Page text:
The present invention provides a control which tracks the position of a pointer on the display screen to monitor its location relative to one or more desktop components. These desktop components, some of which normally benefit from having associated borders, caption bars, and/or other window functionality elements displayed therewith, are displayed as images lacking these elements until relevant pointer events are detected by the control, whereupon the associated element is displayed, thereby reducing visual clutter. For instance, when the control detects that the pointer has completely entered a region defined by a desktop component, a thin, one-pixel border is displayed around the desktop component. When the pointer intersects with an edge of the desktop component, a thicker, three-pixel border is displayed. When the pointer is close to the top edge of the desktop element, a caption bar is displayed atop the desktop component. When the pointer moves away from the desktop component, the control disappears, rendering borders and caption bars invisible.
The foregoing aspects and many of the attendant advantages of this invention will become more readily appreciated as the same become better understood by reference to the following detailed description, when taken in conjunction with the accompanying drawings, wherein:
In accordance with the present invention, the system of the present invention executes on a computer, such as a general purpose personal computer.
With reference to
A number of program modules may be stored on the hard disk, magnetic disk 29, optical disk 31, ROM 24 or RAM 25, including an operating system 35, one or more application programs 36, other program modules 37, and program data 38. A user may enter commands and information into the personal computer 20 through input devices such as a keyboard 40 and pointing device 42. Other input devices (not shown) may include a microphone, joystick, game pad, satellite dish, scanner, or the like. These and other input devices are often connected to the processing unit 21 through a serial port interface 46 that is coupled to the system bus, but may be connected by other interfaces, such as a parallel port, game port or a universal serial bus (USB). A monitor 47 or other type of display device is also connected to the system bus 23 via an interface, such as a video adapter 48. One or more speakers 57 are also connected to the system bus 23 via an interface, such as an audio adapter 56. In addition to the monitor and speakers, personal computers typically include other peripheral output devices (not shown), such as printers.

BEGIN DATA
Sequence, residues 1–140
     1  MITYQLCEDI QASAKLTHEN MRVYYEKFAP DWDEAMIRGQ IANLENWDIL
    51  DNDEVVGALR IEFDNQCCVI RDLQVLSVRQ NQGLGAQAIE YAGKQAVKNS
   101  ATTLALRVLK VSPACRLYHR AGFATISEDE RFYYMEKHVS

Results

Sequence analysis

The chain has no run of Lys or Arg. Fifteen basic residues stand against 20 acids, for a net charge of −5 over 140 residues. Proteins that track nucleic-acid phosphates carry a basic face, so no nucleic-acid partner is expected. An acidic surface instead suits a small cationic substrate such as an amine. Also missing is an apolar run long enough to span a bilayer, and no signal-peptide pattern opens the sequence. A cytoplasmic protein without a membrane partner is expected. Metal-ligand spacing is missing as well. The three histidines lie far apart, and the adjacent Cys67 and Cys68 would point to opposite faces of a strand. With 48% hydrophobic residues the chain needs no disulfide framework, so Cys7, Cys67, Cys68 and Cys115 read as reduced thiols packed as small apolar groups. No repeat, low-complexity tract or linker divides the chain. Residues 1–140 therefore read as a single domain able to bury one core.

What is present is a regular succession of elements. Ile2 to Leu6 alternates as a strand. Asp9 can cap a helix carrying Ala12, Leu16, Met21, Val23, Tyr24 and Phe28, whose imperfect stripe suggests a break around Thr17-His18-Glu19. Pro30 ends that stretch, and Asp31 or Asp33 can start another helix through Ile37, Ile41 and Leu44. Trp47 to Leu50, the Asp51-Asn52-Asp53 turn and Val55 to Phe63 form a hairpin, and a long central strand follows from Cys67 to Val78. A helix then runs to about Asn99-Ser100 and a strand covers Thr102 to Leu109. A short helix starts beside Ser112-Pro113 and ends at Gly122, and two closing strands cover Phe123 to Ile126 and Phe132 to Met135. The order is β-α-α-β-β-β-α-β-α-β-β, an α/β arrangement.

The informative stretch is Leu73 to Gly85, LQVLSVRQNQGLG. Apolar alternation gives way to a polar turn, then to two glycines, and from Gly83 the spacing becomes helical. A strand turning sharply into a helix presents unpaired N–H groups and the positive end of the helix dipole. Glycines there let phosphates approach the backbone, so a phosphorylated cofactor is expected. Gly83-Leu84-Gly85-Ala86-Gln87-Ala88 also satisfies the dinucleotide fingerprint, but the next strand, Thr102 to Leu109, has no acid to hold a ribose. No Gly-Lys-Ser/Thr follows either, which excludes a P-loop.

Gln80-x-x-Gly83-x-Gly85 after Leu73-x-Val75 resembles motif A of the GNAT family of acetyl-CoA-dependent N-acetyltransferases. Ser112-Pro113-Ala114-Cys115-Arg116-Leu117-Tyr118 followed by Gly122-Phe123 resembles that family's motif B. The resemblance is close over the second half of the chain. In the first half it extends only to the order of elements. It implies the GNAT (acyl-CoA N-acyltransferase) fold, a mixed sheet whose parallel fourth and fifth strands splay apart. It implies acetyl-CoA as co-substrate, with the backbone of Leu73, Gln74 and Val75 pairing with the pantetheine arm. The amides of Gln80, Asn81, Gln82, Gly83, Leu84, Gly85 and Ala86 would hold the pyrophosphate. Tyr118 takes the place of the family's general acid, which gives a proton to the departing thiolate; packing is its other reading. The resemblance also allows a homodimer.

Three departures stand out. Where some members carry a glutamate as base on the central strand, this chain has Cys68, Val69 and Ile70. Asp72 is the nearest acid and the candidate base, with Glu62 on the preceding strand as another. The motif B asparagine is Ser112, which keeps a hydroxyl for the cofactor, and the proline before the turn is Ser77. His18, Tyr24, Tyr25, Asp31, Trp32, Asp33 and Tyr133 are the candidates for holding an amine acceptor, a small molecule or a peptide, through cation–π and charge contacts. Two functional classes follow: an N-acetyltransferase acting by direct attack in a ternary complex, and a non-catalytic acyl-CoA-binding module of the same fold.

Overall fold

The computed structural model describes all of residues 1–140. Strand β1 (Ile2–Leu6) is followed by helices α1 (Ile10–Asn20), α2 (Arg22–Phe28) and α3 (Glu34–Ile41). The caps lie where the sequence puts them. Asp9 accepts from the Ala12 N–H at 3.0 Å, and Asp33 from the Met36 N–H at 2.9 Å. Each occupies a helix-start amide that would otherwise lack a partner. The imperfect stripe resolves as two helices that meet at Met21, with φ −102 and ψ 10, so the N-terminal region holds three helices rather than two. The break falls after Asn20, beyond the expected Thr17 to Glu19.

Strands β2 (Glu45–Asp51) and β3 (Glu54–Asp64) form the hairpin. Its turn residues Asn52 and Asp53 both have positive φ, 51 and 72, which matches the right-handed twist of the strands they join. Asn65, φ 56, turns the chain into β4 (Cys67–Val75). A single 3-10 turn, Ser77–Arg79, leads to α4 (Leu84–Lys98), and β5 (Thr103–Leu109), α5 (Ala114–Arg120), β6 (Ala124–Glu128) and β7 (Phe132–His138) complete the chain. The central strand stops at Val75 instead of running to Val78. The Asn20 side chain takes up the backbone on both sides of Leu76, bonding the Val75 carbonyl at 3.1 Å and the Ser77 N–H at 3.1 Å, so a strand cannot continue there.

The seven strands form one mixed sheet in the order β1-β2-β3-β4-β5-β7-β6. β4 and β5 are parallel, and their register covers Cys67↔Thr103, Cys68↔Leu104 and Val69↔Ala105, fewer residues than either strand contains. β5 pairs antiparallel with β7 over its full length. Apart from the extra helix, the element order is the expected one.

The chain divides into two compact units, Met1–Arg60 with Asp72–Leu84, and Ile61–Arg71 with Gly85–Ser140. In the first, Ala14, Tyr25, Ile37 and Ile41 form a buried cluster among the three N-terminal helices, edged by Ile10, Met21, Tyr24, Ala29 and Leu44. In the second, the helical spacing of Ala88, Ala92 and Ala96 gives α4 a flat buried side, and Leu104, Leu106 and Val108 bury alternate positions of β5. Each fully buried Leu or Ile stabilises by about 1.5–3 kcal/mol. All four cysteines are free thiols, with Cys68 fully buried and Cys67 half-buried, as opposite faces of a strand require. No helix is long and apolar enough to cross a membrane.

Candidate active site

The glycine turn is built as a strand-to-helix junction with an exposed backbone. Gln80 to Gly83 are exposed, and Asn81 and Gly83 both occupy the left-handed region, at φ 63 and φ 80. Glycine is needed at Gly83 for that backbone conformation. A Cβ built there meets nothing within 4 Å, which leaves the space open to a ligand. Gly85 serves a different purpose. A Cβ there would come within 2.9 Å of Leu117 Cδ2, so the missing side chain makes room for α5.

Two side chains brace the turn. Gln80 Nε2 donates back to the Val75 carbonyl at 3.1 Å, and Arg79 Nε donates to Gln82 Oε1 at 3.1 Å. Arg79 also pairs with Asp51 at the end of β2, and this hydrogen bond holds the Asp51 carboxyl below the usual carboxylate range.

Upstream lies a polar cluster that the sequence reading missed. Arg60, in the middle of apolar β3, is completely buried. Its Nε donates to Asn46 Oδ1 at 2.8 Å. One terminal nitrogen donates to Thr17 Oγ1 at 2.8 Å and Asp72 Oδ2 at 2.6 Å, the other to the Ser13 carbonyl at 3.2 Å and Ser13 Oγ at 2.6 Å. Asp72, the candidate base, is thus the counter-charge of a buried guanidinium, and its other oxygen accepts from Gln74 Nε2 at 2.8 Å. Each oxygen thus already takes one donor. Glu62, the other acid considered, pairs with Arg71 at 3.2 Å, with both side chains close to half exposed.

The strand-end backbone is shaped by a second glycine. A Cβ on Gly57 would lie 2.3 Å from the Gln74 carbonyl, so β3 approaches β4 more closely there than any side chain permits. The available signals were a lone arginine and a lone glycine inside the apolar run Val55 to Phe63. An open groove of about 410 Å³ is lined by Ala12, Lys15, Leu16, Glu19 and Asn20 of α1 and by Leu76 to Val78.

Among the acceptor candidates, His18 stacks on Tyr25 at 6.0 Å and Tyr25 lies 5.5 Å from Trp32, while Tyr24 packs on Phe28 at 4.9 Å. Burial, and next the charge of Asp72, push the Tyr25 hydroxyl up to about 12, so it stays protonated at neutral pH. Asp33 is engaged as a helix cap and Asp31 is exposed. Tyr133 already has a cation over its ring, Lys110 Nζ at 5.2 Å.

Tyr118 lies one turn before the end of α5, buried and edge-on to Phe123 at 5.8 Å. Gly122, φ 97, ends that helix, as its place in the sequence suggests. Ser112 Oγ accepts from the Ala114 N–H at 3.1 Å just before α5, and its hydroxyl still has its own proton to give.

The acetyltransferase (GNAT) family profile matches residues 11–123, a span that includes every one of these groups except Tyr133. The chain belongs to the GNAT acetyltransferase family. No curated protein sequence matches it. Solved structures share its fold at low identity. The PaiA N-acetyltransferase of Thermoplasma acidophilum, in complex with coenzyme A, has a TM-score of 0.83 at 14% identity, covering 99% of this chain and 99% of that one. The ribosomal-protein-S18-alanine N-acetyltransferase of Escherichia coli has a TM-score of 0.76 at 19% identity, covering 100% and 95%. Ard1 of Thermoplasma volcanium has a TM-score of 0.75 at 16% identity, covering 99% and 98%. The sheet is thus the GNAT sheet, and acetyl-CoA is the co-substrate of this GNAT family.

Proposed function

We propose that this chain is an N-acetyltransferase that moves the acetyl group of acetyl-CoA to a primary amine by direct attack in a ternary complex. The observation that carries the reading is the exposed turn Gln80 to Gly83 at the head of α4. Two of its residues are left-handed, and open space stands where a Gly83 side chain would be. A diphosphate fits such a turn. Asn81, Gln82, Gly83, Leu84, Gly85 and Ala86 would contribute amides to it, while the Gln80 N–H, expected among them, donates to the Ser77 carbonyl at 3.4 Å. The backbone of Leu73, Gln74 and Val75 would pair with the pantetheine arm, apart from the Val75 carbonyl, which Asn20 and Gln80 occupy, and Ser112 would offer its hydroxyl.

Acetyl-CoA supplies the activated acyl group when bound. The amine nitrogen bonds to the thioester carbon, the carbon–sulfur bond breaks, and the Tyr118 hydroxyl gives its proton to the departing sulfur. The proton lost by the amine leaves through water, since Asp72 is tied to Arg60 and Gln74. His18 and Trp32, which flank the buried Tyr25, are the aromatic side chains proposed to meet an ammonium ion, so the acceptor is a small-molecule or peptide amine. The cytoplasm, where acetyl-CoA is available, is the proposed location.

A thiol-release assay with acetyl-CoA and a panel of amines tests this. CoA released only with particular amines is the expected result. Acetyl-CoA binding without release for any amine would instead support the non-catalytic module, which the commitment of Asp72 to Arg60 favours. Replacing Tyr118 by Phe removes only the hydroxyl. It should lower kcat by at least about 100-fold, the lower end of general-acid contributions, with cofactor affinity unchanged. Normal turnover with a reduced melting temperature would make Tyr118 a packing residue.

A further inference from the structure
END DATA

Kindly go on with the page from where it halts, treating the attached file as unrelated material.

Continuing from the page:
The personal computer 20 may operate in a networked environment using logical connections to one or more remote computers, such as remote computers 49 and 60. Each remote computer 49 or 60 may be another personal computer, a server, a router, a network PC, a peer device or other common network node, and typically includes many or all of the elements described above relative to the personal computer 20, although only a memory storage device 50 or 61 has been illustrated in
When used in a LAN networking environment, the personal computer 20 is connected to the local network 51 through a network interface or adapter 53. When used in a WAN networking environment, the personal computer 20 typically includes a modem 54 or other means for establishing communications over the wide area network 52, such as the Internet. The modem 54, which may be internal or external, is connected to the system bus 23 via the serial port interface 46. In a networked environment, program modules depicted relative to the personal computer 20, or portions thereof, may be stored in the remote memory storage device. It will be appreciated that the network connections shown are exemplary and other means of establishing a communications link between the computers may be used.